110 Cookson Lane | Whitefield, ME  04353 | 207-232-7600 |  tim@lackeysailing.com

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Ms Lynne G | Thursday, September 18, 2014

After a light sanding and cleanup, I continued work on the interior overhead, and applied a coat of semi-gloss white paint to all areas.  Because the paint was still wet when I took the photos, it appeared more glossy than it would when the paint fully dried. 


         

         

         

         

         


Afterwards, I worked on a few odds and ends, including solvent washing all the woodwork I sanded earlier and preparing my order for new teak lumber, among other non-photoworthy things. 

I spent the afternoon installing the new through hulls.  For each of the three fittings, I followed the same basic procedure, usually working on all three at once to streamline the process.

To begin, I test fit the three through hull fittings and the flange adapter bases.  The through hull stems were longer than needed for the thickness of the hull and the backing plate, so I'd have to shorten them by some amount.  By marking the threads where they came through the backing place and  screwing on the base to its full extent, I could determine how much stem length I'd have to cut off.  I repeated this for all three fittings.

    

While I had the bases and through hulls screwed together and aligned, I drilled the three bolt holes required for each base.  There was plenty of room around the galley sink drain fitting for later installation of the valve and tailpiece, but I checked both the scupper locations, which had tighter clearances, to ensure that the valves and 90 tailpieces would fit on after the base was installed:  they did.  This would make installation of the through hull and base easier, as I'd not have to work around preassembled valves.

         

    

Outside the boat, I milled countersinks at each bolt location to allow the bolt heads to recess.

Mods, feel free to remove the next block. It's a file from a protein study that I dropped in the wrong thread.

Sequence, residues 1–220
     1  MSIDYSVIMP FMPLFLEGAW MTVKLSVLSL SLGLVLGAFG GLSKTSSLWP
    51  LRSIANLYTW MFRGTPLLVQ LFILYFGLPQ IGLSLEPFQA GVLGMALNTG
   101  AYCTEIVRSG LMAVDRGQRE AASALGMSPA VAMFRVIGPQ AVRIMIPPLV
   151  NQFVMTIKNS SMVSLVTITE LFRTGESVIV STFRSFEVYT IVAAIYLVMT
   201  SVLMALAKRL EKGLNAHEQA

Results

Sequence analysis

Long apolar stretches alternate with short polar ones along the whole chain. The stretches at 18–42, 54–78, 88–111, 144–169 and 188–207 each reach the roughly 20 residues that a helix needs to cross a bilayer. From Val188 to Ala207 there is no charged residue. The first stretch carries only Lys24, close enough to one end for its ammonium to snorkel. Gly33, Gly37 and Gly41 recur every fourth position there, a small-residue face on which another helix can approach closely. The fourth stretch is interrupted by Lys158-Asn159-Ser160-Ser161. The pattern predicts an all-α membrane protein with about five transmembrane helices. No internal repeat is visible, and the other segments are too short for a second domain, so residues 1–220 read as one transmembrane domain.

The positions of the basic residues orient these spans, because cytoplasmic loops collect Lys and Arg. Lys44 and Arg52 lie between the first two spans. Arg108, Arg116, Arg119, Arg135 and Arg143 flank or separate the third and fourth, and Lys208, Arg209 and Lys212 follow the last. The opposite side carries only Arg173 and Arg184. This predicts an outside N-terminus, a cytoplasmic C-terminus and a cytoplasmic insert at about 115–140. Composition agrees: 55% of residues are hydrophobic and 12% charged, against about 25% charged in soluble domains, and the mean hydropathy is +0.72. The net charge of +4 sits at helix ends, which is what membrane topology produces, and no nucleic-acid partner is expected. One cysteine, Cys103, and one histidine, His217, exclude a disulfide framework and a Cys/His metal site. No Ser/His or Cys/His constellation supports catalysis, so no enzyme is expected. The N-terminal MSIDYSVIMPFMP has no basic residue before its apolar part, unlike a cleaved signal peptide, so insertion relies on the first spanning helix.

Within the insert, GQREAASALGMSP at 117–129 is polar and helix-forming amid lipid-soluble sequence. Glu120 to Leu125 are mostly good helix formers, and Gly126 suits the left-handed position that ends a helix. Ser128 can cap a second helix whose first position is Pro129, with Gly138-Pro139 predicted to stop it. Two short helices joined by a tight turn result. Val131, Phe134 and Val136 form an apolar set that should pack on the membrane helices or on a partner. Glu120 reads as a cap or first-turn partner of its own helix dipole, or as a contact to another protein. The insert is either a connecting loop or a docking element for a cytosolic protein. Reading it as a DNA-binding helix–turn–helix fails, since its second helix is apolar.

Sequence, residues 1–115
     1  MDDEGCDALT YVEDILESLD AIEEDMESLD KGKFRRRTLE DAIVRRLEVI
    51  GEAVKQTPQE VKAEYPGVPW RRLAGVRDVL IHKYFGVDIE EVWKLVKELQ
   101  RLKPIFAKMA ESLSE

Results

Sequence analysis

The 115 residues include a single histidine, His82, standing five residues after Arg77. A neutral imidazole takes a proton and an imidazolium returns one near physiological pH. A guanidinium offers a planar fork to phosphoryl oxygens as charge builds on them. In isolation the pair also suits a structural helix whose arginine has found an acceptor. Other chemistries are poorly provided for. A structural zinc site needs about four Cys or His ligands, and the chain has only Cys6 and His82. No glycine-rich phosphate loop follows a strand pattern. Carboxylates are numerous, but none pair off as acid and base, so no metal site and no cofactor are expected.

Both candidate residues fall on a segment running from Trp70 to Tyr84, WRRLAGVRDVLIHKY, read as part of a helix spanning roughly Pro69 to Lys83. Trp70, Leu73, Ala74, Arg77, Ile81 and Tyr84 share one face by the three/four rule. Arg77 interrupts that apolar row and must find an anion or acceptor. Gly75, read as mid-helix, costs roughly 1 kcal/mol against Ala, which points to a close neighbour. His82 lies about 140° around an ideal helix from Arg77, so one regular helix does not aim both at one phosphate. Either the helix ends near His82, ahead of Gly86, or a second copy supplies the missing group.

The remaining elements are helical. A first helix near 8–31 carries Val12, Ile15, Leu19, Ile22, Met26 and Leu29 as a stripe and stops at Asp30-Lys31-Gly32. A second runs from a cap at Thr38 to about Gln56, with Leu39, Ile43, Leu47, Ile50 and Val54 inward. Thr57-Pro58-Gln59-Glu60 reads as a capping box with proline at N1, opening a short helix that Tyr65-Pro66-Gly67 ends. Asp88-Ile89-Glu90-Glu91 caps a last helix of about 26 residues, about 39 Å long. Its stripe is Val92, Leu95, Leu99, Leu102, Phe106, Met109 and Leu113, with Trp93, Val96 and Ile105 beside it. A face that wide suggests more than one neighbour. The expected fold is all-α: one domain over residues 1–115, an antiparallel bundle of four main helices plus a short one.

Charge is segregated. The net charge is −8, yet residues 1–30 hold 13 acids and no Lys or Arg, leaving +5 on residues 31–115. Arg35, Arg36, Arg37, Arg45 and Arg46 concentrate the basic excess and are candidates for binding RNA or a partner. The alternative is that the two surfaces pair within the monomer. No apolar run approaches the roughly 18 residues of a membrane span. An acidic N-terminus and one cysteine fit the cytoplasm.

Next, I cut off the excess stem length for each of the three fittings.
         

To install the fittings, I began outside the boat, where I applied heavy beads of sealant (4200) to the inside of the mushroom flange and up the stem, then inserted the fittings in their holes, securing them temporarily with tape.

         

Inside, I applied more sealant around the stem where it came through the backing plate, and also around the bolt holes and perimeter of hte base, after which I threaded on the base most of the way, till I'd aligned it properly with the holes.  To hold the base in position, I inserted temporary bolts from inside.

         


Back outside, I prepared the actual bolts for installation with plenty of sealant, and inserted them in their holes, pushing out the temporary ones in the process; I taped over the bolts to prevent them from falling out, though the sealant was stiff and sticky enough to hold them on their own.  Then, using a special tool, I tightened the mushroom fitting the rest of the way into the base within.

    

Back inside, I installed nuts and washers on the bolts, and tightened them down, after which I cleaned up excess sealant inside and out and, finally, cut off the excess bolt length.

         

                 

One fitting remained:  the garboard drain.  Here, I drilled and tapped the keel for #10 fasteners, then installed the fitting in a heavy bed of 4200 with four bronze screws.

    
 


Total Time Billed on This Job Today:  7.5
Hours

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